Denver Broncos owner Pat Bowlen has Alzheimer’s disease, relinquishes control of team

(1998 Reuters photo)

Pat Bowlen, who has overseen six Super Bowl appearances and two titles as the owner of the Denver Broncos, is relinquishing control of the team after acknowledging that he is dealing with Alzheimer’s disease. Bowlen has placed the team’s ownership in a trust that is controlled by non-family members, the Denver Post reports, with a goal of having one of his seven children run the team when they’re ready.

Team president Joe Ellis, Bowlen’s longtime right-hand man, will have final say on team matters in Bowlen’s stead. He will become the team’s chief executive officer, a title previously held by Bowlen. Former Broncos quarterback John Elway will continue to run the team’s football operations department.

Bowlen, 70, has owned the Broncos since 1984 and is tied with the San Diego Chargers’ Alex Spanos as the NFL’s fourth-longest-tenured owner. In 2009, Bowlen admitted to the Denver Post’s Woody Paige that he was experiencing “short-term memory loss.” In 2010, Westworld reported that Bowlen was “no longer the team’s major decision maker on key subjects.” Tuesday’s revelation was the first time that Bowlen, his family and the team acknowledged that he has Alzheimer’s.

“It’s a really, really sad day,” Ellis said, according to the Denver Post. “It’s sad for his family, his wife and his seven children. It’s sad for everyone in the organization. And it’s sad for all the Bronco fans who know what Pat Bowlen meant to them as an owner. It’s a day nobody wanted to see happen.”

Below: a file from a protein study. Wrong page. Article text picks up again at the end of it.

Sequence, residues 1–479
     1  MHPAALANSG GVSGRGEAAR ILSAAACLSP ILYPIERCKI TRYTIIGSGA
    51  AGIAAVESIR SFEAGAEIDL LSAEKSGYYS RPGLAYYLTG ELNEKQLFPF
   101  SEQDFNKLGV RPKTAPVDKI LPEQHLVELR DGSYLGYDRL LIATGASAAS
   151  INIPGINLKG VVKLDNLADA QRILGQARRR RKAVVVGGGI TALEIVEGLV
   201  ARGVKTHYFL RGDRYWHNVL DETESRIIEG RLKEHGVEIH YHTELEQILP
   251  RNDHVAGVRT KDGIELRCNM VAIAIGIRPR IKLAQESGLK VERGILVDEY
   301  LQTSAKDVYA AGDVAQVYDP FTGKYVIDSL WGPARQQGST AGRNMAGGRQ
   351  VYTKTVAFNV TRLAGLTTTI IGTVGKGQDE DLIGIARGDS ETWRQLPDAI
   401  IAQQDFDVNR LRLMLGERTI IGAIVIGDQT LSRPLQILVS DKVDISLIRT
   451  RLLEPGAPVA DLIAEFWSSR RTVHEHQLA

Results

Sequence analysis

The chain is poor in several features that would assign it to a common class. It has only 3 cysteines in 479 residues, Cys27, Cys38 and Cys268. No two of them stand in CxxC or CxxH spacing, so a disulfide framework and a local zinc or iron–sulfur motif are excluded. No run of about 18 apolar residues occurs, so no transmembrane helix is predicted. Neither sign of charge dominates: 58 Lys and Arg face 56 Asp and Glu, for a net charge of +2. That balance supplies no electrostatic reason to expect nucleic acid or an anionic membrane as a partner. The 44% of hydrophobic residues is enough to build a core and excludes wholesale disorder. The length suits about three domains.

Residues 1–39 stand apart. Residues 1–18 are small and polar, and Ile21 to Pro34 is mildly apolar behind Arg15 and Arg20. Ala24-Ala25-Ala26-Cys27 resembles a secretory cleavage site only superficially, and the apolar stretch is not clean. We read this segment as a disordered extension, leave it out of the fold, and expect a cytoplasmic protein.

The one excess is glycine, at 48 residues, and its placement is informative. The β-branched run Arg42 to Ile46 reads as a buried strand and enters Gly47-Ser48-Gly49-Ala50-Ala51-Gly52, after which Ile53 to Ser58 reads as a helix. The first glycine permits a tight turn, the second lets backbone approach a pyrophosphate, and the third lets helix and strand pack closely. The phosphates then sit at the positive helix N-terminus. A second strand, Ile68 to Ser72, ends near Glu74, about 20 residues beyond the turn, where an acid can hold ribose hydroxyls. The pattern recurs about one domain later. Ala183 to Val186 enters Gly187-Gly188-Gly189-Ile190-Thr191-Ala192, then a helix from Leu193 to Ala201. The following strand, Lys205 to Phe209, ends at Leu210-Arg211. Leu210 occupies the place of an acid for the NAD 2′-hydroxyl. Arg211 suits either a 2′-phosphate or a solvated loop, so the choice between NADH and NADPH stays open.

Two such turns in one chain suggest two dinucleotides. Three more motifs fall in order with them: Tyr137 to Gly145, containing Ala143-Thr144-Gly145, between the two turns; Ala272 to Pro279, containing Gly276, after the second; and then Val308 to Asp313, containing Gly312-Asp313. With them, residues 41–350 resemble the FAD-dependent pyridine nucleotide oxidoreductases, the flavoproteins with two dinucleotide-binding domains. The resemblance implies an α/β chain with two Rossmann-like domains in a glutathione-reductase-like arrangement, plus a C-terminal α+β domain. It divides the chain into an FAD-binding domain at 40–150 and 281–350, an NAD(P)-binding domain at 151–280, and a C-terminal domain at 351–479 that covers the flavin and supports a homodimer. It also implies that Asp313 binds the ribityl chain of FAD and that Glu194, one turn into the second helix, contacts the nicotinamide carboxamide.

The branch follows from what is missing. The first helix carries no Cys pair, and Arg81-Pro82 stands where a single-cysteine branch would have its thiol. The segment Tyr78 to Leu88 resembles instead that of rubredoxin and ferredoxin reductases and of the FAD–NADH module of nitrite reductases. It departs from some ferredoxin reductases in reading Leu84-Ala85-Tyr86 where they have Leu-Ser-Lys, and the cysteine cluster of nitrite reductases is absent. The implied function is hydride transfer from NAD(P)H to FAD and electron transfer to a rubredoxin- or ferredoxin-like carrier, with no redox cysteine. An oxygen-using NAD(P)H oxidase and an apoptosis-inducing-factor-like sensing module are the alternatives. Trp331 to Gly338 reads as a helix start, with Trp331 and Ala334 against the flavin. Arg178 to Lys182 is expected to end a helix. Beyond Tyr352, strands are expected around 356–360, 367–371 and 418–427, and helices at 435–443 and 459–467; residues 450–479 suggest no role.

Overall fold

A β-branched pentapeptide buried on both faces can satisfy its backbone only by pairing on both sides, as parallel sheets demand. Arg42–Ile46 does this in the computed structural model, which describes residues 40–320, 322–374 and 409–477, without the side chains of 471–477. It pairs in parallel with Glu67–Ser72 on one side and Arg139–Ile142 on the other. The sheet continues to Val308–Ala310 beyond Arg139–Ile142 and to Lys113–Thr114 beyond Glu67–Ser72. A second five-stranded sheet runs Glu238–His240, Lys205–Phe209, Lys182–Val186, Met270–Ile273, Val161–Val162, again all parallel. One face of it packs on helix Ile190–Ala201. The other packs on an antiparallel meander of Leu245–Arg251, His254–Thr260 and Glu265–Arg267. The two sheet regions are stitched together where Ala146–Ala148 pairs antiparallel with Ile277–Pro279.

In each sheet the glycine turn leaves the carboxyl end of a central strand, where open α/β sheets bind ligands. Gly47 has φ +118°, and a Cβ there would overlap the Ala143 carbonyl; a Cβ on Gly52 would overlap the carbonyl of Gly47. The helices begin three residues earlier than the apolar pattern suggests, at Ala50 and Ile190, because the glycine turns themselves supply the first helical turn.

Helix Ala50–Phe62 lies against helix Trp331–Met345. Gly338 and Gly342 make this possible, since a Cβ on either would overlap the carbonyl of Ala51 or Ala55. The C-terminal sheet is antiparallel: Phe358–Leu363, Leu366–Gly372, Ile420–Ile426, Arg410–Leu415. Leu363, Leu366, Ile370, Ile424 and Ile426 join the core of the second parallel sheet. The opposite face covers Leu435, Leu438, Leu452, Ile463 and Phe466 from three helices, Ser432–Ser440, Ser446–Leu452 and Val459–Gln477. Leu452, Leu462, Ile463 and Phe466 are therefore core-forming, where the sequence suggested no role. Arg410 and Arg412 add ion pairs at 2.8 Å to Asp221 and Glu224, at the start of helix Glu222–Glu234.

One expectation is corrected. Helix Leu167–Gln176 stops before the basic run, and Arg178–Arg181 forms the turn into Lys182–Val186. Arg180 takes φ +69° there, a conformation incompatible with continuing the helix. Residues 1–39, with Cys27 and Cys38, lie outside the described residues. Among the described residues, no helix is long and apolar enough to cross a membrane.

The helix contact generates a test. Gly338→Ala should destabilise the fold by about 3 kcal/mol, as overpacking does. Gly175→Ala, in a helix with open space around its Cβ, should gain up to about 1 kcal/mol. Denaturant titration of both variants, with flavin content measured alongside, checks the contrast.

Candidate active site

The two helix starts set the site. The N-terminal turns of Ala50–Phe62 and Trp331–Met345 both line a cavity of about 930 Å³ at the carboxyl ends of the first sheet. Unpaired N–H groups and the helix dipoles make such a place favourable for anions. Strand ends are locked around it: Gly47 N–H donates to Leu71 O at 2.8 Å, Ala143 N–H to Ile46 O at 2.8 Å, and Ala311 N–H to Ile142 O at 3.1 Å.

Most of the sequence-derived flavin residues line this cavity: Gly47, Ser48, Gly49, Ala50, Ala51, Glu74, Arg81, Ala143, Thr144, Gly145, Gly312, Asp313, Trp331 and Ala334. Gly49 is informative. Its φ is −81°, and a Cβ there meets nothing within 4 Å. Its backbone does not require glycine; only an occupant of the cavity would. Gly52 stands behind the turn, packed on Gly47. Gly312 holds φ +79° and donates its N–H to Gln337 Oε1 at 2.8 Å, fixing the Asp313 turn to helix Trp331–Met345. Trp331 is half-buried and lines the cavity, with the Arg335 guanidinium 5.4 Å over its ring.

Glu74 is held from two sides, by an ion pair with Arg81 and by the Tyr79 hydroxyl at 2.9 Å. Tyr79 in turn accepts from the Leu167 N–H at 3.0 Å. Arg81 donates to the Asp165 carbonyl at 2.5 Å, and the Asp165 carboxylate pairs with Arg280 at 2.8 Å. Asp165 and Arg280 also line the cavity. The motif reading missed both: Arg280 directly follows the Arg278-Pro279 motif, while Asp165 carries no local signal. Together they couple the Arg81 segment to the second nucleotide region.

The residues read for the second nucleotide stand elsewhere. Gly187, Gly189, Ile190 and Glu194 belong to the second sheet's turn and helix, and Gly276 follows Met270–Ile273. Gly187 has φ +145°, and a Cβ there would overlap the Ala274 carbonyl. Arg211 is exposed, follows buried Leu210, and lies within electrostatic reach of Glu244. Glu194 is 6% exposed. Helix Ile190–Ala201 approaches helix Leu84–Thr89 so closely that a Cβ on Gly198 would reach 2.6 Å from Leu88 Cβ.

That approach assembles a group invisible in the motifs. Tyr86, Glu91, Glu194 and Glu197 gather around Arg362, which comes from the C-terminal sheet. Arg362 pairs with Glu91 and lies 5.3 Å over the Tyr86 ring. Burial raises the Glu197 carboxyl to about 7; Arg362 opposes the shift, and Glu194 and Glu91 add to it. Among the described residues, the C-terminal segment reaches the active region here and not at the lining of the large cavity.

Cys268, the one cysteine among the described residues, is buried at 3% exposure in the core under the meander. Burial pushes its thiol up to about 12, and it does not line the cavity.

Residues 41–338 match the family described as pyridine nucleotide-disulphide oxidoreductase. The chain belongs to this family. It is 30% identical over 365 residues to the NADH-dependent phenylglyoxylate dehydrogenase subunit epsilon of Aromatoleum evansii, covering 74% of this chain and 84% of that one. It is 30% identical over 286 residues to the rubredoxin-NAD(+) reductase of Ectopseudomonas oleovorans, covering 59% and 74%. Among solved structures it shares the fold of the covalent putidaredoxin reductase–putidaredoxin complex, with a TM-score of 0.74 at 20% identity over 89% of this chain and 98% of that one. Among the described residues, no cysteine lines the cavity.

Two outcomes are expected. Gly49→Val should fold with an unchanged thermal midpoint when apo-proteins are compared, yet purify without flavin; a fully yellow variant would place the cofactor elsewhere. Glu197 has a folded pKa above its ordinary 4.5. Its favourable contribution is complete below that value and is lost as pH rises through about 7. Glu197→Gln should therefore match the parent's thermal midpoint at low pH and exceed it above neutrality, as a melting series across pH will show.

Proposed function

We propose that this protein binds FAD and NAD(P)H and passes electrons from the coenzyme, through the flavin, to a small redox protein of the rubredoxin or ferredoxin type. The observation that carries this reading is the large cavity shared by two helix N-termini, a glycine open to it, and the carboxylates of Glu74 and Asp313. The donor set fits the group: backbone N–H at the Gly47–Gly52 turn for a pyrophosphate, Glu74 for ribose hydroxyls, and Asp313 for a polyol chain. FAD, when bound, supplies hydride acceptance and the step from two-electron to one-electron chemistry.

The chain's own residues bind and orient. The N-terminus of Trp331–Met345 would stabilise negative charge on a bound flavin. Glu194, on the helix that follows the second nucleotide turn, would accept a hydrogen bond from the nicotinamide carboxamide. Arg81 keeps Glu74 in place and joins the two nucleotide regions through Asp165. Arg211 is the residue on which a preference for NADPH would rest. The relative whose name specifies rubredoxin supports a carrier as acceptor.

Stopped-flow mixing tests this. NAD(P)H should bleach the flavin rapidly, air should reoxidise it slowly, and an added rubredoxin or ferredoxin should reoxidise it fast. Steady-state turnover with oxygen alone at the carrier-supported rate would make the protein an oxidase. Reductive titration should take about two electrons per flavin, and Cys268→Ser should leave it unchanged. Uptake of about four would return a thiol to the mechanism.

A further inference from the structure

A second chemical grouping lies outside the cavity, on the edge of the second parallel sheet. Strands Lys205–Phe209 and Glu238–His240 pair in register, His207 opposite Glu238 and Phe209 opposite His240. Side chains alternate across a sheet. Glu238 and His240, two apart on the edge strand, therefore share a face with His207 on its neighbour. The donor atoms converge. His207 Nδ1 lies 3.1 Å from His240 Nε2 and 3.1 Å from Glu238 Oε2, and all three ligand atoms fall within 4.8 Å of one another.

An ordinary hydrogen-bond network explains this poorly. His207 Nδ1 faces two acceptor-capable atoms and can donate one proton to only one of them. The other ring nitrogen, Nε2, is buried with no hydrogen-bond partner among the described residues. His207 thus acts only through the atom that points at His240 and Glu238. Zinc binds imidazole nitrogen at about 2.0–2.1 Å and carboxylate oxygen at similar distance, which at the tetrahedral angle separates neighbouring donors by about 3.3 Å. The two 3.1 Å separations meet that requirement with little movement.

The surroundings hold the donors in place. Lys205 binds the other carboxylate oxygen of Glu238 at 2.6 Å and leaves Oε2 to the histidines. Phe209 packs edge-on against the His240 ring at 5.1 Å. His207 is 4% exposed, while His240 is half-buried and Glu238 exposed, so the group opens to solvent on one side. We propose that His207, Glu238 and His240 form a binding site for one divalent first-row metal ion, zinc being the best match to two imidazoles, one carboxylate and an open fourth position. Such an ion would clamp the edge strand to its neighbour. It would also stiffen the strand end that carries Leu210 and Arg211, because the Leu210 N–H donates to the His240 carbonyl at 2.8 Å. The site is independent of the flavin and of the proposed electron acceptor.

Annabel Bowlen, Pat Bowlen’s wife, released a statement:

“As many in the Denver community and around the National Football League have speculated, my husband, Pat, has very bravely and quietly battled Alzheimer’s disease for the last few years,” Annabel Bowlen said in a statement. “He has elected to keep his condition private because he has strongly believed, and often said, ‘It’s not about me.’

“Pat has always wanted the focus to be solely on the Denver Broncos and the great fans who have supported this team with such passion during his 30 years as owner. My family is deeply saddened that Pat’s health no longer allows him to oversee the Broncos, which has led to this public acknowledgment of such a personal health condition.”

Said NFL Commissioner Roger Goodell, “This is a sad day for the NFL.”

After spending the first 17 years of his Post career writing and editing, Matt and the printed paper had an amicable divorce in 2014. He's now blogging and editing for the Early Lead and the Post's other Web-based products.



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